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Paris Olympics Defends Ticket Prices

FILE: Amelie Beney checks ticket availability for the Paris 2024 Paris Olympic Games Thursday March 2, 2023 in Cergy, outside Paris. Organizers of the Paris 2024 Olympics promised Games with a relatively modest price tag and "egalitarian" access to events, with an online "draw."

PARIS - The head of the Paris Olympics organizing committee is defending the ticketing system for the 2024 Games, calling the first phase of sales a "success" on Thursday despite complaints about high prices.

"It's been a success this first phase, even if we understand the criticism and the frustration of some people who were not satisfied," Olympic organizing committee chief Tony Estanguet told reporters almost 500 days from the start of the Games.

He defended the strategy of offering a limited number of seats - one million - priced at 24 euros ($25), with the majority in a middle category of around 100 euros or lower.

A poll published at the weekend found that around four out of five French people thought that tickets were too expensive.

The Paris organizers say that their pricing is in line with the 2012 London Olympics once inflation is taken into account.

Tokyo 2020 was more expensive, although spectators were eventually banned due to stringent Covid restrictions, while the 2016 edition in Rio de Janeiro was cheaper, according to their analysis.

Around 3.25 million 2024 tickets have been sold over the last month, around a third of the total, but the release has been overshadowed by criticism of the costs.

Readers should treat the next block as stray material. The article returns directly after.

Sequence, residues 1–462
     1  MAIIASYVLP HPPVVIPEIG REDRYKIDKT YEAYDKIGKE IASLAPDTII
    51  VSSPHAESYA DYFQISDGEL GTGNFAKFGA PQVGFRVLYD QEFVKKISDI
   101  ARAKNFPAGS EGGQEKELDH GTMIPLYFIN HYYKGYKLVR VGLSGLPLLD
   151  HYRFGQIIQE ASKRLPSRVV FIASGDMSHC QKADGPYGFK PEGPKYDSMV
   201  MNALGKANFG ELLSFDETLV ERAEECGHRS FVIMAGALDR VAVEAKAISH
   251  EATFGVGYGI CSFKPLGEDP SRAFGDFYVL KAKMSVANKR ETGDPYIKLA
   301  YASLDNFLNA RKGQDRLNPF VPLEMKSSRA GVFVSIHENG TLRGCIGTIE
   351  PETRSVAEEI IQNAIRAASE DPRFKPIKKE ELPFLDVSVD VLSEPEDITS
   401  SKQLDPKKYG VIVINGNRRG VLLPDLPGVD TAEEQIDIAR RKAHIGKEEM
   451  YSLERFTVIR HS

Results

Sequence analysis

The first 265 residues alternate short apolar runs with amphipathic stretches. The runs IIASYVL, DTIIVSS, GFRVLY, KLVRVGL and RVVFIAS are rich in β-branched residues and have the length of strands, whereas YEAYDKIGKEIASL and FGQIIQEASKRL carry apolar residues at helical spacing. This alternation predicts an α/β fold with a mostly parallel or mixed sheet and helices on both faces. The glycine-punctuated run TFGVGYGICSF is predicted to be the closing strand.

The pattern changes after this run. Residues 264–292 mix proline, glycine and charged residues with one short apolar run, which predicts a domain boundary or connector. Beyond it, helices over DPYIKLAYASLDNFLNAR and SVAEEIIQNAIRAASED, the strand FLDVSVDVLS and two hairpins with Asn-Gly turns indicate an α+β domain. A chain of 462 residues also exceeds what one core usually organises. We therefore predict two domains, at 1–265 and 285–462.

Part of the problem in the first phase was that fans were obliged to buy tickets for at least three different sports, often putting the bill at 300 euros or more per person, or well over a thousand euros for a family of four.

The second phase, with sales starting from May 11, will enable buyers to take single tickets, including for some of the highlights including the opening ceremony and the athletics finals.

"This second phase will be an exceptional opportunity for people to buy experiences that will be probably once in a lifetime," Estanguet, a former French canoeing champion and triple Olympic gold medalist, added.

The prices for the hottest tickets are unlikely to mollify critics, however.

Athletics finals will start at 125 euros and stretch to 980 euros. Beach volleyball finals will cost a minimum of 100 euros, while the basketball finals range from 90 to 980 euros.

Seventy thousand places will go on sale for the hugely ambitious opening ceremony which will see national sporting delegations sail down the river Seine in an open-air celebration in the heart of the City of Light.

"It will be expensive because it will be unique. It will be very spectacular in this iconic city," Estanguet said.

The tickets on sale, with a top price of 2,700 euros, will be for seats on the bank of the river, offering an unrestricted view of proceedings.

Another 400,000-500,000 free passes will be granted to people wanting to witness the ceremony once the complicated security arrangements for the event have been worked out by French authorities.

Sports fans hoping to land one of the 1.5 million tickets on sale in the second phase will need to sign up to a lottery system between March 15-April 20.

The French government has tasked Paris organizers with making sure the games are self-financing, making private sponsorship deals and ticketing key sources of revenue in the absence of major public backing.

"It's key for us to optimize this ticketing program. On the other side, we also want and we have a lot of ambition in terms of having full stadiums and a fantastic atmosphere," Estanguet explained.